English for PTA


The term varices is usually used to describe the veins of the leg when they become twisted and enlarged. Varicose veins, as well as the milder so-called spider veins, are a cosmetic concern for some people. However, they may sometimes lead to more serious problems.

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Varices may also appear in the anal area. They are known medically as haemorrhoids and colloquially as piles. Haemorrhoids are cushions of blood vessels, connective tissue, and muscle in the anal canal. When they function normally, they help maintain continence and safeguard against liquid escaping through the anal sphincter. It is when they become enlarged that they start causing problems. The main causes of enlarged haemorrhoids are: straining, or sitting too long on the toilet, chronic diarrhoea and/or constipation, and pregnancy. Haemorrhoids are also affected by obesity, standing too long, or lifting too much.

PTA: Guten Tag.
Male customer: Do you speak English?

Yes, a little. How may I help you?
Well my problem is a little embarrassing. Is there anywhere more private?

Yes, but we have to take a few precautions. Good that you are wearing a mask. I’d be very grateful if you could disinfect your hands at the disinfection station near the entrance.
I have no problem with that.

Thank you, a lot of our elderly customers are still a little bit lax when it comes to mask-wearing and hand-hygiene.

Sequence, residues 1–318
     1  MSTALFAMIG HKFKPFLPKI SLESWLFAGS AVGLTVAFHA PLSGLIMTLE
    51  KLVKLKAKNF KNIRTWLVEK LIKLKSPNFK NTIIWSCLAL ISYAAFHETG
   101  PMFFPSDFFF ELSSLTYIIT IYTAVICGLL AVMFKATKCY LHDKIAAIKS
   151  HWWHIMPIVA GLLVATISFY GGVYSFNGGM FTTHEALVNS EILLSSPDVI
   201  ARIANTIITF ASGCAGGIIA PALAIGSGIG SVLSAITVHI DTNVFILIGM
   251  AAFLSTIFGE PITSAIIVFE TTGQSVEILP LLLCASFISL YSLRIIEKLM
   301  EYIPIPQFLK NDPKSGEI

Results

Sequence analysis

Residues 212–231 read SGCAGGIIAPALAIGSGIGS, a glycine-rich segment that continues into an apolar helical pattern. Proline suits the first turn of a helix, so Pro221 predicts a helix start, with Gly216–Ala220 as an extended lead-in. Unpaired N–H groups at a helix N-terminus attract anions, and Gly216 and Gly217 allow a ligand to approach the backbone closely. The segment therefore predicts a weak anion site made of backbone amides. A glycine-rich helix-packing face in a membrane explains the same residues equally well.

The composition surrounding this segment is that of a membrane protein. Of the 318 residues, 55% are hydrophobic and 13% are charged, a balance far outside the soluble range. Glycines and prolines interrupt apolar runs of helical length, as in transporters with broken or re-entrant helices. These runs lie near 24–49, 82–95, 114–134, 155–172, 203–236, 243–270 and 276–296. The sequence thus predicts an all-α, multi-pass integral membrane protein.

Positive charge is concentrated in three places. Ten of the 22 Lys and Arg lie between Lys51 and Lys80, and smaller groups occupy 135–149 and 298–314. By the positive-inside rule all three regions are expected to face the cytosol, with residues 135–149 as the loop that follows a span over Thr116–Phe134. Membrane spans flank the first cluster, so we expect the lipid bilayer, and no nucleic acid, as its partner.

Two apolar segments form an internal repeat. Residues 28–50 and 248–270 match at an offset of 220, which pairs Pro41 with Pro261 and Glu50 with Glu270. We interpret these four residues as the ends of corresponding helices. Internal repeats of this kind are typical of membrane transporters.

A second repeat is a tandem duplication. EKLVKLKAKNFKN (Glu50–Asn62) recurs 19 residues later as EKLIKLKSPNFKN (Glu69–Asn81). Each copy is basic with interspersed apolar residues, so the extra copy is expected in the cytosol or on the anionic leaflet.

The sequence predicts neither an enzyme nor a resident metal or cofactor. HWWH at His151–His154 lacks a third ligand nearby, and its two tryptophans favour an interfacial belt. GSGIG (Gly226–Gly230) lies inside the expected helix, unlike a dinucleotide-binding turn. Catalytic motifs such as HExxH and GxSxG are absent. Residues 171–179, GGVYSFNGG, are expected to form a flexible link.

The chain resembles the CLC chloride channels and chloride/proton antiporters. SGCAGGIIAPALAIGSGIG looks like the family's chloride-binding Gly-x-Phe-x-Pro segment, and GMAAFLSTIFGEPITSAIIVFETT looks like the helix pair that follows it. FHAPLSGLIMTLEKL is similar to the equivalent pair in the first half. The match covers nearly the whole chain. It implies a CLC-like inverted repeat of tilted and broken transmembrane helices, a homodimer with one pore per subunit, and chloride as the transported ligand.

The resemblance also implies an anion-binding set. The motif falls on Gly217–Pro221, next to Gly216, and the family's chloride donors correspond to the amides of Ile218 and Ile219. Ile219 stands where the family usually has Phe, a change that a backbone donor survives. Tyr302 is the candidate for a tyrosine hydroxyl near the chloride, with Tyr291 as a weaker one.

It’s good that this Perspex® is between us.

I’m sorry, what is Perspex? Oh, you mean “Plexiglas®”!
I’ve heard it called that in English, too!

Okay, so how may I help you?
I have been having trouble going to the loo recently.

The loo? Do you mean going to the toilet?

May I ask what kind of problem?

Oh, I see. What symptoms do you have?
Well, it takes ages on the loo, and the last couple of days there was a little bit of blood.

Was the blood bright red?
Yes, why?

If the blood was very dark, black even, it could indicate a more serious problem.
That’s good, isn’t it?

Yes, it is. Do you have problems with varicose veins in your legs?
Yes, in fact I do.

Could the varicose veins be caused by your job? That is, do you have to stand or sit for long periods, or do you do any heavy lifting?
I’m a long-haul trucker. I used to do a lot of heavy lifting, but we have a mini-forklift attached to the truck nowadays. So, it’s probably from the sitting, isn’t it?

It could be genetic, affected by heavy smoking, the constipation could come from not being able to use a toilet when you need to. Diet, especially not getting enough fibre, can also affect haemorrhoids.
What do you recommend?

This ointment which has an applicator, and camomile solution for a 15-minute, lukewarm sitz bath. Do you have any pain?
I’m taking ibuprofen for that. How often can I apply the ointment?

Up to four times a day. If the symptoms don’t improve in a week, please go to a doctor.
Thank you I will. Bye, bye. Good bye.

You can find this article at PTA IN DER APOTHEKE 12/2020 on page 73.

Catherine Croghan, Lecturer in English and native speaker

varicesKrampfadern, Varizen
spider veinsBesenreiser
cushions of blood vesselshämorrhoidale Gefäßkörper
connective tissueBindegewebe
safeguardschützen (vor)
sphincterSchließmuskel, Ringmuskel
strainingdrücken (bei Stuhlentleerung)
constipationObstipation, Verstopfung
obesityAdipositas, Fettleibigkeit
recentlyin letzter Zeit
bright redhellrot
long-haul truckerFernfahrerin, Fernfahrer
camomile solutionKamillenlösung